To the extent that a given rock material is perfectly elastic in behavior, and the system of FIG. 1 is free of damping, equation (5) can be used to determine a bar velocity from measurement of resonant frequency fm. The bar velocity is the velocity a seismic wave would have in a thin prismatic bar such as the rock sample of FIG. 1. Velocity of a seismic wave in the earth is related to bar velocity as follows: ##EQU6## where V is the Poisson Ratio of the rock sample material.

To account for departures from elastic behavior of the rock and damping due to pore fluids a more refined analysis can be used. The damping coefficient ε can be determined from analysis of displacement amplitude vs. frequency data and from measurements of phase shift between driving signal and displacement. Viscoelastic constants which account for pore fluid behavior can be derived from this analysis and used to calculate velocity attenuation and reflection coefficient at interfaces. Results obtained in this way take account of the influence of pore fluids in the rock sample.

The frequency range of investigation depends on masses 13 and 14, on E for the rock material 10 and on sample dimensions. For a cylindical rock sample 10 with E of 106 psi, core diameter of 0.30 inches, wire length of 8 inches, and masses of 20 lbs. each, the resonant frequency f is about 93 hertz. Higher frequencies can be investigated by decreasing masses 13 and 14, decreasing rock sample 10 in length or increasing rock sample 10 in diameter. Lower frequencies can be obtained by making changes in the opposite sense.

Measurement of fm requires a method for measuring the displacements X1 and X2 of the masses 13 and 14, respectively, or their difference. One method for measuring the relative displacement |X1 -X2 | is illustrated in FIG. 1. A pair of identical permanent magnets 5 and 6 are attached to the mass 13 and a pair of identical permanent magnets 11 and 12 are attached to the mass 14 with their axes lying in a plane perpendicular to the plane of the wire supports, 15 and 16. Identical coils 7, 8, 17 and 18 are positioned in the air gaps of each of the magnets 5, 6, 11 and 12 respectively. These coils are rigidly mounted on the oscillator frame through alignment brackets, 19. Motion of the masses produce an emf in the detector coils. By connecting the coils in series with appropriate polarity as shown in FIG. 2, the signals due to motion of the masses in oppositon add and give an emf proportional to |X1 -X2 |.

The geometry of the coil-magnet detectors used here is very effective in reducing noise due to wobble of the masses. Wobble, which produces lateral motion of the masses, does not induce significant emf in the coils. Wobble associated with motion of the masses in the same direction is highly damped and therefore not significant. Wobble associated with rotation of the masses about their wire supports produces flexure of the rock sample and is the dominant noise signal in the measurements. However, because of the coil-magnet arrangement this wobble produces signals of opposite polarity in the detector coils which tend to cancel thereby reducing the noise signal to a very low level. Any of a number of methods can be used to detect the emf signal produced in the detector coils of FIG. 2 by oscillation of the masses. A sensitive digital voltmeter could be used for this purpose. Amplifications of the coil signals by means for commercial amplifiers is helpful but not required. In accordance with the present invention, a quadrature detection method is used in place of a voltmeter since such method allows detection of very small oscillators, reduces noise and provides phase data as well. Quadrature detection systems, which are commercially available from Ithaco, Inc., Ithaca, N.Y. or from Princeton Applied Research, Princeton, N.J., are suitable for this purpose.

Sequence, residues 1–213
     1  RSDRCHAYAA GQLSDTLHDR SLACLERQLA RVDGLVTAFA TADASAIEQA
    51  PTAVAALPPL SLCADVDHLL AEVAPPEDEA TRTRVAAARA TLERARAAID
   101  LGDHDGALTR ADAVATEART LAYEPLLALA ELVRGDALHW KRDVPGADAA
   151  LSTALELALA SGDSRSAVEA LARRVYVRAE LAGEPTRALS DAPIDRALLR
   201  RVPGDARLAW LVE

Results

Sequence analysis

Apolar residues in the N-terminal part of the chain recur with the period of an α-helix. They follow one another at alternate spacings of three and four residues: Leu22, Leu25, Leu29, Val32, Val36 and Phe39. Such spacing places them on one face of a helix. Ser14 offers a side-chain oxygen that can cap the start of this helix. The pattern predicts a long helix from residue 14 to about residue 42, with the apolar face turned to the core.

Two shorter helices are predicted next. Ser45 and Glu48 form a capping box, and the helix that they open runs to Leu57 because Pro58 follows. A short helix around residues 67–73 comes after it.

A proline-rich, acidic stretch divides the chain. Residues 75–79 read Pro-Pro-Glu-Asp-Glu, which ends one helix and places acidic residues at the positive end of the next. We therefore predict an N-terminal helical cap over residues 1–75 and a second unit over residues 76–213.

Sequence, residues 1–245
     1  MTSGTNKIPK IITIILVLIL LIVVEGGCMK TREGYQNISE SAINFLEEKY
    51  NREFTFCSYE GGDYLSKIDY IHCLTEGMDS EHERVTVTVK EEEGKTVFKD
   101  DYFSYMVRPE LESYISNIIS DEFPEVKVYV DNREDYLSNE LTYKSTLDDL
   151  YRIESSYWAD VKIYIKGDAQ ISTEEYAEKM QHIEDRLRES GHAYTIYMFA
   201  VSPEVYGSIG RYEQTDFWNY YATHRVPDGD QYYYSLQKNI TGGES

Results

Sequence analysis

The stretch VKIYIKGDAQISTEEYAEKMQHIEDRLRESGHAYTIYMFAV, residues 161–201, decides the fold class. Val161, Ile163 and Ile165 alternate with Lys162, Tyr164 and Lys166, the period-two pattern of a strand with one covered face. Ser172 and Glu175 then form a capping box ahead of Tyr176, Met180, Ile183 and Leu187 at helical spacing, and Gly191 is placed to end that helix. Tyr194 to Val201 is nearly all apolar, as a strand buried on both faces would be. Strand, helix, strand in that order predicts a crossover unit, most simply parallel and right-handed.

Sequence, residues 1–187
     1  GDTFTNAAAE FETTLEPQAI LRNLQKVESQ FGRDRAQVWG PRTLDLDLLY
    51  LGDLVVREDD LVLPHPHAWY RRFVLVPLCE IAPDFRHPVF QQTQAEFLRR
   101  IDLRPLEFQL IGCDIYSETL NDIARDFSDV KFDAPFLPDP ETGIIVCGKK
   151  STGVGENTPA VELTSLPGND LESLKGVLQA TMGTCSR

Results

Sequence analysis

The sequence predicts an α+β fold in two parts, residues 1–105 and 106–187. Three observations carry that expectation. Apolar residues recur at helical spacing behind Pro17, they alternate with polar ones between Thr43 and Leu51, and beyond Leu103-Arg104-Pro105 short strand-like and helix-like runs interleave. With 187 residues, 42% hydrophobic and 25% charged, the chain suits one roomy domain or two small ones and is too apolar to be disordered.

Using a quadrature detector system, or any other means of detection, the resonant frequency fm can be determined by plotting the coil emf against frequency f of the driving current. FIG. 3 shows resonance measurements made for a Berea sandstone sample in the harmonic oscillator of FIG. 1. Dimensions of the cylindrical rock sample were a diameter of 0.341 inches and a length of 8.94 inches. Masses 13 and 14 were 23.1 lb each and the lengths of wires 15 and 16 were 5.7 inches. Results are shown for the sample in a dry state and in a wet state where saturation conditions were about 60% water and 40% gas. The dry state resonance frequency of 73.9 Hz. corresponds to a Young's modulus of 65106 psi and V=4800 ft/sec. The wet state value resonance frequency of 46.5 hz. corresponds to a Young's modulus of 0.26106 psi and V=3020 ft/sec.

Most rock materials show significant non-linear resonance behavior. Near resonance the amplitude of oscillations changes with time and depends on how resonance is approached. The resonance peak itself does not fit the classical equations for a simple harmonic oscillator very well. These problems can be avoided by making the resonance measurements at constant amplitude. This can be done by means for adjusting the driving current (not shown) at each frequency to obtain a preselected amplitude |X1 -X2 | such as 500 Angstroms. A plot of driving current vs. frequency then replaces the amplitude plot of FIG. 3. A typical measurement of this type is shown in FIG. 4. The resonance curve is inverted in this case with frequency corresponding to a minimum current rather than a maximum amplitude. However, the equations for a simple harmonic oscillator still apply to the driving current curve in a conventional way.